Concord | Masstts |
Jan. 10 | 1863
Mr Walt Whitman, of New York, writes me, that he wishes to obtain employment in the public service in Washington, & has made, or is about making some application to yourself. Permit me to say that he is known to me as a man of strong original genius, combining, with marked eccentricities, great powers & valuable traits of character: a self-relying, large-hearted man, much beloved by his friends; entirely patriotic & benevolent in his theory, tastes, & practice. If his writings are in certain points open to criticism, they yet show extraordinary power, & are more deeply American, democratic, & in the interest of political liberty, than those of any other poet. He is indeed a child of the people, & their champion. A man of his talents & dispositions will quickly make himself useful, and, if the Government has work that he can do, I think it may easily find, that it has called to its side more valuable aid than it bargained for.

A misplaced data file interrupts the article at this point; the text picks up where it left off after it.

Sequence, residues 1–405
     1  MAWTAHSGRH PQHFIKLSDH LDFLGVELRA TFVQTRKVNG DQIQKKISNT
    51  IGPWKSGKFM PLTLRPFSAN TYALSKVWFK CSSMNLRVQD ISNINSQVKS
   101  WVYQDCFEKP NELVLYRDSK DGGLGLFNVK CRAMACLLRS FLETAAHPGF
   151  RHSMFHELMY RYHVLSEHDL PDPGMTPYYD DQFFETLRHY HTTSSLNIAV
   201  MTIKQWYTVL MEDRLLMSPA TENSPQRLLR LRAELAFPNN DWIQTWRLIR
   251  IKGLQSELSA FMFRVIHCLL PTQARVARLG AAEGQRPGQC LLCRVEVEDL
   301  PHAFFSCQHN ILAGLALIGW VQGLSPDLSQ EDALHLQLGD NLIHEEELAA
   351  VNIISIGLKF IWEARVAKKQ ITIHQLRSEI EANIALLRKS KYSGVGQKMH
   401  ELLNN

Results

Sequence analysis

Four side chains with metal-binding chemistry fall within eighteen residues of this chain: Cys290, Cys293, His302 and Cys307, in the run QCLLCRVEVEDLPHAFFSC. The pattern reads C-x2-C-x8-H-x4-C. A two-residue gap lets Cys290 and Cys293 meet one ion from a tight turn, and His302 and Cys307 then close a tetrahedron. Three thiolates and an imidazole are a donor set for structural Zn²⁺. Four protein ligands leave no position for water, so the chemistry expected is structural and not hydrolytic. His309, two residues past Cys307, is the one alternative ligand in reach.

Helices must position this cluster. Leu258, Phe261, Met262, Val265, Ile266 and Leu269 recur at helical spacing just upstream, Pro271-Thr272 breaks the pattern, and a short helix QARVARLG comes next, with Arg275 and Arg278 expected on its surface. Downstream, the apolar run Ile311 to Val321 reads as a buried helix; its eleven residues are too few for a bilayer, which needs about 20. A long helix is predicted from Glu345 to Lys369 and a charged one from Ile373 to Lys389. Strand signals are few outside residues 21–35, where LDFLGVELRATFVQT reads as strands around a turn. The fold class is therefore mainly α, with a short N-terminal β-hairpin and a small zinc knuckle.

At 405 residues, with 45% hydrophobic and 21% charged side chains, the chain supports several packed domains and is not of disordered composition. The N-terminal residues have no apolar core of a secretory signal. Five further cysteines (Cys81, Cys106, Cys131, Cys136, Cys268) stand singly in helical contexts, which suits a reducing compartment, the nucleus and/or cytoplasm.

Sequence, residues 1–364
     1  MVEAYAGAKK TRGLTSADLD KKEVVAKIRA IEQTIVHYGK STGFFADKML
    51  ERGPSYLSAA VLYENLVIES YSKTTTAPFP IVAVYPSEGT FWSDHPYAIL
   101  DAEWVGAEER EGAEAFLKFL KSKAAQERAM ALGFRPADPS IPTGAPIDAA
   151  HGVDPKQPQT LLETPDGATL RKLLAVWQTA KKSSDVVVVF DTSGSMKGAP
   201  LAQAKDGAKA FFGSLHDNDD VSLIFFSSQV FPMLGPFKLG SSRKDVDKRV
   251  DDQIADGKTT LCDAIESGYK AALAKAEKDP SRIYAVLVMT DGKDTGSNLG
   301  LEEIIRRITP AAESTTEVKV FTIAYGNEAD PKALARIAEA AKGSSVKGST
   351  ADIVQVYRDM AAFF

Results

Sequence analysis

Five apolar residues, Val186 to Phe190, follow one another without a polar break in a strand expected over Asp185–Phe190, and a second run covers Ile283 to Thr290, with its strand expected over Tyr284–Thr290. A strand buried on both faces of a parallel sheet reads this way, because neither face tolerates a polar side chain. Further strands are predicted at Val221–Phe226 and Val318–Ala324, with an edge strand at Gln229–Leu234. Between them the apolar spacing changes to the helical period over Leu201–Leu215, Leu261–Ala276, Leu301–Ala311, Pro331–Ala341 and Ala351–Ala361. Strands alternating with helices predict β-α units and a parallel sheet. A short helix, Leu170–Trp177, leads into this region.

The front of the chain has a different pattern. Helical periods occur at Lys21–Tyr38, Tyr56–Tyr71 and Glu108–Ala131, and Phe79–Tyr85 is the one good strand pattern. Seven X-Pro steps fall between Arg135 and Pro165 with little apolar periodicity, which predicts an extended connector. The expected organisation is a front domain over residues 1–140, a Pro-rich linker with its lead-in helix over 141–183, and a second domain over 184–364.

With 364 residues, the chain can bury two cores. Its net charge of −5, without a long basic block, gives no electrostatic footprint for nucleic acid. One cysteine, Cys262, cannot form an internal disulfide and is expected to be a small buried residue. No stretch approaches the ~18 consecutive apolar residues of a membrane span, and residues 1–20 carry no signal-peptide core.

With great respect,
Your obedient servant,
R. W. Emerson.
Hon. William H. Seward2, | Secretary of State.
The text presented here is derived from Edwin Haviland Miller, ed., Walt Whitman: The Correspondence, 6 vols. (New York: New York University Press, 1961–77). For a detailed description of discrepancies between this electronic edition and the print source, see our statement of editorial policy.
The manuscript of this letter, dated January 10, 1863, is held in the Charles E. Feinberg Collection of the Papers of Walt Whitman, 1839–1919, Library of Congress, Washington, D.C.
1. Address: Hon. W. H. Seward, | Secretary of State, | Washington, | D. C. (Back)
2. William Henry Seward (1801–1872) was secretary of state from 1861 to 1869 under Presidents Lincoln and Johnson. (Back)